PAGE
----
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Getty Petroleum Marketing, Inc. v. City of Bayonne Zoning Board of Adjustment

A-5204-06T1 (N.J. Super. App. Div. 2008) (Unpublished)

ZONING — Decisions made by municipal land use boards are entitled to considerable deference because local boards are more familiar with a community’s characteristics and interests than a court.

A company proposed the building of a convenience store and a gasoline station on an irregularly shaped property where a trailer park stood. The property, which consisted of two lots, fronted two parallel streets. One of the lots was in a residential zone and fronted a residential street and the other was commercially zoned and fronted a heavily trafficked road that led to a major highway. The company applied for a variance from the zoning board of adjustment because the convenience store was not a permitted use in the residential zone where it was to be built. A variance was also necessary for the gas station which was not a permitted use on either lot. An objector who operated a nearby gas station challenged the company’s variance application. Following the hearing on the variance request, the board approved the application, which was affirmed by the lower court on an action brought by the objector.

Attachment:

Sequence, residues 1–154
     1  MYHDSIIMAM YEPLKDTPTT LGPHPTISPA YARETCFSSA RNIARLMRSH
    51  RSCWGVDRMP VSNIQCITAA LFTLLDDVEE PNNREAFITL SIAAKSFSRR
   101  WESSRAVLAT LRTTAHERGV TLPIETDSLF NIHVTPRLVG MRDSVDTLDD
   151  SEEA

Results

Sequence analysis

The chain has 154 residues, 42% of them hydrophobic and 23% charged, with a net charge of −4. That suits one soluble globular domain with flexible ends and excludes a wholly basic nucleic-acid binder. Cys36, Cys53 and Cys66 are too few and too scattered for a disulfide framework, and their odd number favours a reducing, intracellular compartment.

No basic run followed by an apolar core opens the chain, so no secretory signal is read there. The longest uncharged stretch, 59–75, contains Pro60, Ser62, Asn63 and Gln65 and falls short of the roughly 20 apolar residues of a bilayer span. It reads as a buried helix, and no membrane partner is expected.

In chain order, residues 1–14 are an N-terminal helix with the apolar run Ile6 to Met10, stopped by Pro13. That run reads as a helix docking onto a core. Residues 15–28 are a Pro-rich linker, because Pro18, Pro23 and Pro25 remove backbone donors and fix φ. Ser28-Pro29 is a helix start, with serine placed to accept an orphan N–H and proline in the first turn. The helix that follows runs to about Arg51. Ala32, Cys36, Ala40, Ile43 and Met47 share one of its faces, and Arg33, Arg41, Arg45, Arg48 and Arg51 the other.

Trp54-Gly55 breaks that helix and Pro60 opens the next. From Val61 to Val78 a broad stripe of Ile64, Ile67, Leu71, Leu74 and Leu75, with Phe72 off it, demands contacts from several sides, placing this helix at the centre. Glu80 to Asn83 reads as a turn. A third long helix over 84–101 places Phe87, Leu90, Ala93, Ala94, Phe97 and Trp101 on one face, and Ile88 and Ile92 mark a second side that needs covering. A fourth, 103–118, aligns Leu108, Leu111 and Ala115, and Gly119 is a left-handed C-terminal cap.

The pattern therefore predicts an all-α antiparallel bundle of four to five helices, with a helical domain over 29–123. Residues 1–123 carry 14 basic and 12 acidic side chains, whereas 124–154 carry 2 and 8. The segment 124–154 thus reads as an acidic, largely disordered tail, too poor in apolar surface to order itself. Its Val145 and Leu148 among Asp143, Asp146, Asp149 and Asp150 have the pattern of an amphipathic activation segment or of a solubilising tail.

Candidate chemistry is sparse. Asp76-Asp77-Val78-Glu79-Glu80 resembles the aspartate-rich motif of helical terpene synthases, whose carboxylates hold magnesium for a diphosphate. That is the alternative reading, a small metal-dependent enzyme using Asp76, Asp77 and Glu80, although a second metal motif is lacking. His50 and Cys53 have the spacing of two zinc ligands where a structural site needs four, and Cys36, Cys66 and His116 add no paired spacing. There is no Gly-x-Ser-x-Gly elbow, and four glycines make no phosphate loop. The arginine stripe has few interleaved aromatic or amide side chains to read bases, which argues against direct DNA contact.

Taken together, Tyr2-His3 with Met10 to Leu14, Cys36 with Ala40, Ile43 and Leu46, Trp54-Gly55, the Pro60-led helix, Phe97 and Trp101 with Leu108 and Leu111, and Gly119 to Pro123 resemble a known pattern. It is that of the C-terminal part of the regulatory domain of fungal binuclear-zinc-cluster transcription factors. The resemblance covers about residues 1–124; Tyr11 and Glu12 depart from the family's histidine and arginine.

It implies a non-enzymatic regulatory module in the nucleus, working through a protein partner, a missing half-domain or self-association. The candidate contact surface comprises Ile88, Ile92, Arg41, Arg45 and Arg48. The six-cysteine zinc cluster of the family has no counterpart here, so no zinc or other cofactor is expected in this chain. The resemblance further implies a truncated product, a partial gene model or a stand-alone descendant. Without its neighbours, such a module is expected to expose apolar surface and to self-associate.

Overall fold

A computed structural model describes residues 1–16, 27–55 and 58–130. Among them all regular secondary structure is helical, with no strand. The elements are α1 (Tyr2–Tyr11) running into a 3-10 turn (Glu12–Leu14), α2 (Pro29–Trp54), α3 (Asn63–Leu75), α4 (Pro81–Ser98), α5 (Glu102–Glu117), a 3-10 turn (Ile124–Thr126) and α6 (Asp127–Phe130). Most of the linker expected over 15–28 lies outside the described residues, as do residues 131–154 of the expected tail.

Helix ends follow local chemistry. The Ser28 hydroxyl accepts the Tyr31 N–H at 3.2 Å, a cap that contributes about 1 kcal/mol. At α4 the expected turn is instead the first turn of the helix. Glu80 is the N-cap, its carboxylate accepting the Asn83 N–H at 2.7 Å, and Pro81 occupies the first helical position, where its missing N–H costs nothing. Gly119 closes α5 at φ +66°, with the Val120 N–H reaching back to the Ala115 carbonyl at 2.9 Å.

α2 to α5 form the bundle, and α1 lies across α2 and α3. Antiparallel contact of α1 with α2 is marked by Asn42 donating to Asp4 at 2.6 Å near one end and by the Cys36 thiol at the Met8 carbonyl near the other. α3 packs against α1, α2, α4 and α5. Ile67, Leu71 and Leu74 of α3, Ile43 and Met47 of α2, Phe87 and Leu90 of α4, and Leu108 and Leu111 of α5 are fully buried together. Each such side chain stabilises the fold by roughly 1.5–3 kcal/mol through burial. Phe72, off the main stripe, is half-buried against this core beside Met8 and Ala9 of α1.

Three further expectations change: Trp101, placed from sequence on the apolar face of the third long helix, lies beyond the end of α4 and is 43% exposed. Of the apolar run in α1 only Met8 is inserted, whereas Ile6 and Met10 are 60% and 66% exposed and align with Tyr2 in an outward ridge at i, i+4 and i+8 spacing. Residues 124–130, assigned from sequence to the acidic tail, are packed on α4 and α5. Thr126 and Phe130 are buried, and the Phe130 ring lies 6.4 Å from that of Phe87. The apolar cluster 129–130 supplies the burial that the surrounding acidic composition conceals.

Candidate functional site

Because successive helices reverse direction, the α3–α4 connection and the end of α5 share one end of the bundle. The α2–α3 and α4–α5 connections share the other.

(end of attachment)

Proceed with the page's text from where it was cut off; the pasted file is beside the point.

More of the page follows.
On appeal, the Appellate Division pointed out that decisions made by municipal boards are entitled to considerable deference because local boards are more familiar with a community’s characteristics and interests than a court. It also pointed out that because legislative policy preferred planning by ordinance as opposed to by variance, less deference is given to the granting of variances than to a denial of a variances. The Court found that the board properly determined that the positive criteria of establishing the benefit to the surrounding community had been met by the applicant based partly on the aesthetic improvement to the area by replacing an existing trailer park with the new construction. The Court also found that the negative criteria of showing that the granting of the variance would not have a detrimental effect on the surrounding community had been met.

The board’s determinations: that there would be a revitalization of the under-utilized site; green space would act as buffering; and there would be a lessening of traffic on the residential street outweighed any detriment resulting from an increase in traffic along the heavily trafficked road, were found to provide adequate grounds for the approval of the variance. As a result of the Court’s findings, the board’s approval of the variance was affirmed.


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